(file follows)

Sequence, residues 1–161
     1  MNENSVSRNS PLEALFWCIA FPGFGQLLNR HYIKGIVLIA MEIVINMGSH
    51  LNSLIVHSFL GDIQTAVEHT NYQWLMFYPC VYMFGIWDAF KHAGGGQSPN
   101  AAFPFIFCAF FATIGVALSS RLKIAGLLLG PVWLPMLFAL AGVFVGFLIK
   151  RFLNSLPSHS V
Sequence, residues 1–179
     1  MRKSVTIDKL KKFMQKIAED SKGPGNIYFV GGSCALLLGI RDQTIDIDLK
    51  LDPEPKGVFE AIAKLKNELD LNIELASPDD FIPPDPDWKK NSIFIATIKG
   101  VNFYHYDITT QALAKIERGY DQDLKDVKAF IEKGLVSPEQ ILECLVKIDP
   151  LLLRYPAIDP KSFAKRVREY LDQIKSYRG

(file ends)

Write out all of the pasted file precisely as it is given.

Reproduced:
Sequence, residues 1–161
     1  MNENSVSRNS PLEALFWCIA FPGFGQLLNR HYIKGIVLIA MEIVINMGSH
    51  LNSLIVHSFL GDIQTAVEHT NYQWLMFYPC VYMFGIWDAF KHAGGGQSPN
   101  AAFPFIFCAF FATIGVALSS RLKIAGLLLG PVWLPMLFAL AGVFVGFLIK
   151  RFLNSLPSHS V
Sequence, residues 1–179
     1  MRKSVTIDKL KKFMQKIAED SKGPGNIYFV GGSCALLLGI RDQTIDIDLK
    51  LDPEPKGVFE AIAKLKNELD LNIELASPDD FIPPDPDWKK NSIFIATIKG
   101  VNFYHYDITT QALAKIERGY DQDLKDVKAF IEKGLVSPEQ ILECLVKIDP
   151  LLLRYPAIDP KSFAKRVREY LDQIKSYRG